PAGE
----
Unprecedented cheating

The 2022 elections will probably go down in history as the elections where rules and ethics were most blatantly violated. The ban on early campaigning had totally lost its meaning, with the law saying it could only be committed by persons officially considered candidates. Since the law also states that one can only be considered a candidate at the start of the campaign period, then campaigning before the campaign period, when one is not yet officially considered a candidate, is allowed. Go figure.

The rules on sizes of campaign posters, banners, and advertising would, of course, be dwarfed by the giant billboards and e-billboards adorning all highways and major thoroughfares. So were the rules on common poster areas brazenly violated. In fact, what Comelec officials went after were things that were not prohibited at all, like Leni-Kiko posters in private residences as well as murals on private walls.

The use of government resources and machinery for favored administration bets, while nothing new, was felt most especially this year. In 2021, the year prior to the elections, the bulk of the NTF-ELCAC’s barangay development funds – P12.42 billion out of P16.44 billion – went to Mindanao, of which the Davao Region, including Davao City, got the highest allocation at P4.3 billion. Barangays granted P20 million in projects by the NTF-ELCAC officials were reportedly ordered to outlaw progressive party-list organizations and ensure support for the administration bets.
Many LGUs officials could not openly support the Robredo-Pangilinan ticket for fear of reprisal from the national government, including non-release of their much needed funds and projects. Many opted for a Robredo-Sara (RoSa) ticket as a compromise in order not to antagonize the President.

Vote-buying was at its worst, with many politician friends complaining that in some areas, the amount would reach up to P8,000 per vote. In other areas, a minimum of P100 would be needed for voters to even consider reading your sample ballot. I am told the standing formula for local positions is to buy 70% of 70% of your target votes. Included in the vote-buying would be the party-list candidates, many of whom relied on the traditional political machineries controlled by political dynasties and warlords.

Of course, vote-buying started much much earlier, with politicians handing out grocery packs, bags of rice, even instant noodles just to ingratiate themselves to their voters, all in violation of Comelec rules.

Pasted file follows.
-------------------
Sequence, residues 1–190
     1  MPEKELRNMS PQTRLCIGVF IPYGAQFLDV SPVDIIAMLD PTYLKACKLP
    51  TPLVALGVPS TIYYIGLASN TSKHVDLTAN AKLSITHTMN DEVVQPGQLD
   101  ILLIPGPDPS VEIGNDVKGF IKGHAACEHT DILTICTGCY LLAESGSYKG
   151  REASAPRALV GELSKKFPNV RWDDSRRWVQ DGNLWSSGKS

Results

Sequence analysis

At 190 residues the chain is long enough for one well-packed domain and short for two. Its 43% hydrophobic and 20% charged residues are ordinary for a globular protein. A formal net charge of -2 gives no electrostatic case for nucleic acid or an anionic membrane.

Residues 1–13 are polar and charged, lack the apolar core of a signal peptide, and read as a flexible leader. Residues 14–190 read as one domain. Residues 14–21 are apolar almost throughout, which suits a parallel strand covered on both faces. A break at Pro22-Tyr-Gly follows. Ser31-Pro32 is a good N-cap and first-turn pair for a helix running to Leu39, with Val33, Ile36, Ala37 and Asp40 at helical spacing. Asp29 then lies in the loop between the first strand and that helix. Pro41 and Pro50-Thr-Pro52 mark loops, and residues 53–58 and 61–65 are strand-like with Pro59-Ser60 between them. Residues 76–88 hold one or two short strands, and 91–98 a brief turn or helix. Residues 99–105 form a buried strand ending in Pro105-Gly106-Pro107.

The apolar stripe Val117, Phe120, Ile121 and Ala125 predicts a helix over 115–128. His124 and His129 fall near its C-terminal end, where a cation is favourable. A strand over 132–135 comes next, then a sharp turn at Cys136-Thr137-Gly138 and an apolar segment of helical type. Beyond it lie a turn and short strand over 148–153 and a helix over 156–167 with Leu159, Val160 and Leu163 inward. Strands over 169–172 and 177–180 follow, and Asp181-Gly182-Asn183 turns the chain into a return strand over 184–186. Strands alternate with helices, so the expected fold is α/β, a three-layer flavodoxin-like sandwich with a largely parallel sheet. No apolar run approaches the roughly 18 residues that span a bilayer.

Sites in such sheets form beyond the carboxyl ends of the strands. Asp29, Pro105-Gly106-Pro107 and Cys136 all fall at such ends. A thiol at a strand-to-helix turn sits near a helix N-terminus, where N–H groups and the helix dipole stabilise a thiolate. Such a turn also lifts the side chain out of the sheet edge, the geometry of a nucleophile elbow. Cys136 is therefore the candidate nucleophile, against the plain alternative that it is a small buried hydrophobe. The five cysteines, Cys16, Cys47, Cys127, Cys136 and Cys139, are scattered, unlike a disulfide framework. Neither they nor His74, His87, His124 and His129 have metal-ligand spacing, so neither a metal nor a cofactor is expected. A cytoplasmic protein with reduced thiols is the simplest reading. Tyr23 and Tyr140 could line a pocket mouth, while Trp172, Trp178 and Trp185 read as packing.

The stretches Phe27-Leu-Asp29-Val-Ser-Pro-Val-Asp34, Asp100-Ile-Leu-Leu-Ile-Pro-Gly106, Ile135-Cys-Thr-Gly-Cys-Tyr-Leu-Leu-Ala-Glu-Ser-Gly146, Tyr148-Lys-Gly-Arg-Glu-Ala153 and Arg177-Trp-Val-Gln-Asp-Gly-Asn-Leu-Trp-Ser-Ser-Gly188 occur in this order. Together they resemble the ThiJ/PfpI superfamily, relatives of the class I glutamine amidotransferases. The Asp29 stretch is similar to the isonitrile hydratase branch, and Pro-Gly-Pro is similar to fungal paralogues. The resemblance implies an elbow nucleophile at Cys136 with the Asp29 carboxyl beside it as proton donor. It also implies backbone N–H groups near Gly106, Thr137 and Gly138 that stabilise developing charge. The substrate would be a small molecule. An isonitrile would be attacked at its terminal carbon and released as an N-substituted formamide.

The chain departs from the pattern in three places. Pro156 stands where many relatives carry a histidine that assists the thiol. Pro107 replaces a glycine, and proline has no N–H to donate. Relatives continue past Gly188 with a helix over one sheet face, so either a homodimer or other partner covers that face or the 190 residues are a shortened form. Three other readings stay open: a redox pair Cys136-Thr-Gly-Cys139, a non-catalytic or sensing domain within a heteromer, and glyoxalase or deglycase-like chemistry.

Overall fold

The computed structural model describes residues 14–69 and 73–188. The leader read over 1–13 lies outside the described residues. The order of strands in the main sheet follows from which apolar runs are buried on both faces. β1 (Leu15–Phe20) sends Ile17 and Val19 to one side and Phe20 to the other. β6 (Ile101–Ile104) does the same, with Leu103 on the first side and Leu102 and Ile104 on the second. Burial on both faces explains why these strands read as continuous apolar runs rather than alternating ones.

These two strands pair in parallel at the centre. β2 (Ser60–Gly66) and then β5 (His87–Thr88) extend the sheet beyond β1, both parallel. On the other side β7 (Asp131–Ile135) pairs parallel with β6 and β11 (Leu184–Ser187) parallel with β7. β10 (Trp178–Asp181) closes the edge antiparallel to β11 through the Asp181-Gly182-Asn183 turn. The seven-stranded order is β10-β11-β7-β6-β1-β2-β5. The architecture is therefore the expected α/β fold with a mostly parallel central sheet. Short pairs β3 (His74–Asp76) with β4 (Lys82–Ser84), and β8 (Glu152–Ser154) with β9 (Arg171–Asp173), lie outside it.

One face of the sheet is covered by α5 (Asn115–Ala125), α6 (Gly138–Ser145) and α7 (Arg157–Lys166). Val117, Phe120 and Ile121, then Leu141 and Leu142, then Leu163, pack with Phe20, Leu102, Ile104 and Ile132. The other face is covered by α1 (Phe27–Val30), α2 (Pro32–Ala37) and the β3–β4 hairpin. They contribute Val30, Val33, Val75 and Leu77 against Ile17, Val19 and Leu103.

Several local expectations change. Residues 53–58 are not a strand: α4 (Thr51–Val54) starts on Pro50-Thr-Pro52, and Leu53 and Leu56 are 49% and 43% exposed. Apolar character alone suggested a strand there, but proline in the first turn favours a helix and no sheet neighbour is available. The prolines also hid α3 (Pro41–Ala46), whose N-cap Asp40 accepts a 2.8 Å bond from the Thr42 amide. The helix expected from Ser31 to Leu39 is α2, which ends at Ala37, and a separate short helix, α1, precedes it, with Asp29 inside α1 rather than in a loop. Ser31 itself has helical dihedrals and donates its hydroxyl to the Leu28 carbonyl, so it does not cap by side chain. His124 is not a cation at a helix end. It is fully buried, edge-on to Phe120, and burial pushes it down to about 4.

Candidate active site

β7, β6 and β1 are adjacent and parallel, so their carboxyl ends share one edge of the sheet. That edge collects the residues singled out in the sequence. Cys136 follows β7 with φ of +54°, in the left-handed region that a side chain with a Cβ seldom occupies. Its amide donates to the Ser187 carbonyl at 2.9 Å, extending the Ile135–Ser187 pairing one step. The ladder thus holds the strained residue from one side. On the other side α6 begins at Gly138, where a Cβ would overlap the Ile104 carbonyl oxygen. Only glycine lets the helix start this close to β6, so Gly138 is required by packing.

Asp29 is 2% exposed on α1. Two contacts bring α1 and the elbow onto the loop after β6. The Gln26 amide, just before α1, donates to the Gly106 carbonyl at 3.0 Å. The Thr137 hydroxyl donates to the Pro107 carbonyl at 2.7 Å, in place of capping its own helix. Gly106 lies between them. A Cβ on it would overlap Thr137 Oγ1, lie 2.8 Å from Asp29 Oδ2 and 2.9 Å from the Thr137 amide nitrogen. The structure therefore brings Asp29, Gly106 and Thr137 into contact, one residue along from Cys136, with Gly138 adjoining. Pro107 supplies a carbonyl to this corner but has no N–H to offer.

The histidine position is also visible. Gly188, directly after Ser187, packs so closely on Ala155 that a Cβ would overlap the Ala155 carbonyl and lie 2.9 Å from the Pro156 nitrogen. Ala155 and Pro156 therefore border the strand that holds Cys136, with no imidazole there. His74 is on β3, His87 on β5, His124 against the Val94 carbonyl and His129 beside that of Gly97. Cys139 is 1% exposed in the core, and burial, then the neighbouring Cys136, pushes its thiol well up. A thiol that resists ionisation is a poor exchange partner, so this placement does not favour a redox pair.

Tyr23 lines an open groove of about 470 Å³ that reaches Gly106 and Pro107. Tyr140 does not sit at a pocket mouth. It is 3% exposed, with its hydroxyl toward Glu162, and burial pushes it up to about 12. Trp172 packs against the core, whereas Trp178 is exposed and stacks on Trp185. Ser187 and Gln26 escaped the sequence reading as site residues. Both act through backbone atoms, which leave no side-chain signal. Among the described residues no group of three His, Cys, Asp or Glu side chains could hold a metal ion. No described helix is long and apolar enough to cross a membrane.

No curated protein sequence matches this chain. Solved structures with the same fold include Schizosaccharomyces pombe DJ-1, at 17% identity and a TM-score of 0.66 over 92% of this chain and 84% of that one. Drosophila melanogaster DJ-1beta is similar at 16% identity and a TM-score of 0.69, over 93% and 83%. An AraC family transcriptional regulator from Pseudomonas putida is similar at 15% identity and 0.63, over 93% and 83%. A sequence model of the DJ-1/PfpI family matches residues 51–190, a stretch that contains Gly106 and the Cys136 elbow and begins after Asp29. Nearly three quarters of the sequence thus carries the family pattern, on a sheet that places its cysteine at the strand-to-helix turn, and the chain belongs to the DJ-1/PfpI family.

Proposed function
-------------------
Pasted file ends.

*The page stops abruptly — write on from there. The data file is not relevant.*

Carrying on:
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As in previous elections, there has been no hard evidence to prove suspicions of electronic fraud or vote manipulation, or even pre-shaded ballots. But the unusual malfunction of many vote counting machines and the long delay in the voting certainly require deeper scrutiny. Were areas that encountered these irregularities part of the opposition’s base? Were voters in these precincts targeted for disenfranchisement?

An unacceptable outcome

Taking the recent political exercise as a whole, it is understandable why many find the results disheartening. Our youth, especially, feel cheated in such a profound way that makes them want to question the count itself.

What is clear is that Marcos’ victory is a result of massive disinformation, historical distortion, and false narratives; systematic and state-sponsored vilification and repression of the opposition and administration critics; and an electoral system dominated by political dynasties and characterized by inefficiencies, massive vote-buying, and other forms of cheating and irregularities.

Accepting a Marcos-Duterte victory is like accepting the many failures and flaws of our political system. And that, simply, is unacceptable.

The challenge for the opposition post elections is how to consolidate its ranks and unite to fight the further spread of lies and disinformation, demand truth and accountability at all times, and, in the face of a looming fascist regime, defending human rights and civil liberties in order for people to be able to demand for better governance and, hopefully, a change in the political system. – Rappler.com

Teddy Casiño served as Bayan Muna representative from 2004-2013. Prior to his stint in Congress, he was secretary-general of the Bagong Alyansang Makabayan.